It was busy month as I floated Green River twice, first paddled Jetty Island off Everett's harbor, visited both Deception Pass from Bowman Bay and Big Eddy on the Skykomish for the third time each, for the sixth time put in at Shilshole Marina, made first visits to Possession Point on Whidbey Island, Camano Island State Park, and Ebey Slough in the Snohomish delta, and revisited both Sammamish River and Issaquah Creek.

Sunday, March 1st

Little rapid on the Yo-Yo run, Green River, Flaming Geyser State Park.

A little piece of the Yo-Yo run on Green River in Flaming Geyser State Park.

The whitewater class with NWOC that I'd signed up for would paddle the Yo-Yo run of Green River, so I thought I'd check it out.

Near the end of the road in Flaming Geyser State Park, I put in at the small eddy by the signboard and shelter. American Whitewater said the river flow was at 949 cfs, a tad below their recommended 1000 to 2000 cfs. Lower water made for more rocks with eddies and surfable waves, either to avoid or to play in.

Behind mid-stream rocks and features along the banks, I hit every eddy I could and quit counting after the first half dozen, missing only a couple that I tried for. Although I did surf one wave very nicely, my standing wave surfing was not very good today.

Paddling out of an eddy and turning downstream again, especially when it's a bit bumpy below, still needed work, as did my ferries out of eddies. There I tended to get spun downstream too easily, although my backpaddle ferries were more successful.

I avoided an area of water on river right that could have provided play, because it looked like there might be wood in it and I didn't want to find out the hard way.


After about a mile with some Class I water, I reached the river's sharp bend to the left. At the top of the island I scooted across a few cobbles in low water into the left-hand channel and, avoiding the overhanging branches (of what I didn't check to find out), eased down to my take-out. (It's on river left at the little eddy and beach by the model airplane field, just down from the island and well above the park bridge.)

The paddle route continued for another mile or so, with a Class II section, but that would have made the walk back to the car longer than I wanted. From where I left the boat to pick up a little later, I walked the pleasant mile up through the park and along the river back to the car. I'm looking forward to doing it with the NWOC in April.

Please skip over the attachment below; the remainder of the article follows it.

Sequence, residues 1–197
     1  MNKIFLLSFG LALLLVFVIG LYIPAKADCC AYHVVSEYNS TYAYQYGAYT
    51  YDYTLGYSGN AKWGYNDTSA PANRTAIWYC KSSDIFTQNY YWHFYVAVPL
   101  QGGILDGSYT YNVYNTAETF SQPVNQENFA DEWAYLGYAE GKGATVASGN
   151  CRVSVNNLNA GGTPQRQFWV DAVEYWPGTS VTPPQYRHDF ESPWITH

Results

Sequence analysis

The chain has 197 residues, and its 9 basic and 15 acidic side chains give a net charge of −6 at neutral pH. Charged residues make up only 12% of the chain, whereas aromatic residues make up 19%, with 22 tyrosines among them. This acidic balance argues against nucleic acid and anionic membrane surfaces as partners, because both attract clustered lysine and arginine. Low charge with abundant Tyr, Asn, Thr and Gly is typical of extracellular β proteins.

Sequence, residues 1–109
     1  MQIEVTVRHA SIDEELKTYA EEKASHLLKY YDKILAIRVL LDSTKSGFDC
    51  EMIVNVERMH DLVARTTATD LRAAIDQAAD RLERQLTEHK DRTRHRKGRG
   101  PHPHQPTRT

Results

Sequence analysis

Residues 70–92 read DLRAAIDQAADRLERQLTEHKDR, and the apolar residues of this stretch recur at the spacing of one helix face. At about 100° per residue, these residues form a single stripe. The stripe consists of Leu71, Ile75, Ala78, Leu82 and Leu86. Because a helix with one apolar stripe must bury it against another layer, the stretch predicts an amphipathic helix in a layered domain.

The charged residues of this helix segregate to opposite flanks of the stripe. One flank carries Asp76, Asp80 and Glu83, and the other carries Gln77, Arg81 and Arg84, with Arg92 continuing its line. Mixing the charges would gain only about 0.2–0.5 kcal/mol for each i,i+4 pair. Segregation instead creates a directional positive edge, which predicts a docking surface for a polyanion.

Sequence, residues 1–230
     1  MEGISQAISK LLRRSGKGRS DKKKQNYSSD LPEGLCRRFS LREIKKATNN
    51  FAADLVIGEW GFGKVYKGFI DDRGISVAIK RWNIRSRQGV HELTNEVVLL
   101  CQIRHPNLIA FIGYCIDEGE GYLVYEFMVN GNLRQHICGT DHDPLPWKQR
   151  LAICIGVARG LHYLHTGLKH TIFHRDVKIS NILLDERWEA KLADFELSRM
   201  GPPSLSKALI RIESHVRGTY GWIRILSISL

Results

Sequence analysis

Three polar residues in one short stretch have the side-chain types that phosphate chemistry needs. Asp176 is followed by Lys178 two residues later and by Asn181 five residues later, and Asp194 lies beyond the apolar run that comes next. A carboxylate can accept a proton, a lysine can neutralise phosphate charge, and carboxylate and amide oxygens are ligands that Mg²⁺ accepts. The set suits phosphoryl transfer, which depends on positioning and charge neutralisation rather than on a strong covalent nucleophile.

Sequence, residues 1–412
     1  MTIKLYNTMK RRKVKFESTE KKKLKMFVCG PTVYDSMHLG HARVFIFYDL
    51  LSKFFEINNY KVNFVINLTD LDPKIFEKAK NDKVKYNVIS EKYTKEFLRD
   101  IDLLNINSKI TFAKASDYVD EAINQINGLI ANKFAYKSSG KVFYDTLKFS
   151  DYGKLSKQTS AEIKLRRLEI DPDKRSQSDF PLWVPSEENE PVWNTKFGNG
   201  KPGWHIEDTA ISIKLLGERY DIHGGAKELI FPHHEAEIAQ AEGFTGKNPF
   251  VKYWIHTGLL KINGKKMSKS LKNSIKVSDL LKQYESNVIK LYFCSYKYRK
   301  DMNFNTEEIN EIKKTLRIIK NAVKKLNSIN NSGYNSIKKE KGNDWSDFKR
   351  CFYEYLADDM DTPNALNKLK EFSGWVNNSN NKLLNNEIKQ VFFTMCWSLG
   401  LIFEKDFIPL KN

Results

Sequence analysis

It was a nice paddle, with mergansers and dippers for company, if a bit short for the hour's drive. I did it only once today, so I guess it was just a Yo.

Tuesday, the 3rd

Jetty Island, off the Port of Everett, was photographed on a very low tide in this 2006 aerial shot, thanks to the State of Washington's Coastal Atlas.

To Jetty Island, at last. I put in at the Everett marina, crossed the channel to the Jetty Island landing, and paddled down to the south end of the breakwater. When I poked my nose outside the breakwater I found the northwest wind making two to three foot waves with some whitecapping. So rather than paddle up the outside, I retraced my route up the inside back to the landing.

I beached the boat and walked the few yards into the cold wind over to the west side of the island. Across Possession Sound lay the Olympic Peninsula, the south end of Whidbey Island, Hat (Gedney) Island, and Camano Head.

On a nine foot tide Jetty Island's western shore was a beautiful beach, with killdeer and sandpipers flying in unison, salt marshes, a few trees, and what I take to be tracks of a river otter (or a racoon). On a warm summer day the island would be a delight.

From the landing I paddled north up the channel along the island's protected east shore, passing log booms and a little saltwater marsh to round the point and head into the wind and waves. After a quick look south, as a couple of seals examined me I scooted out of the weather, back to the marina, and home. About four miles all told, to be repeated on a calmer and warmer day (like, Thursday, April 2nd).

Thursday, March 5th

A boat powers through Deception Pass.

Beyond Pass Island, a boat powers east through Deception Pass.

As I headed for Deception Pass, just north of Marysville two deer started to cross Interstate 5, then changed their minds.

At the tail end of a flood tide I put in at Bowman Bay and headed for Deception Pass. There was a small rip near Lighthouse Point, but otherwise the water was calm. Over on the Whidbey Island side, a couple of other kayaks were heading west out of Deception Pass. (You can see detail for the area snipped from Marine Chart 18423.)

I slipped through Canoe Pass, then crossed the little rip east of Pass Island to Whidbey Island and a view of Cornet Bay.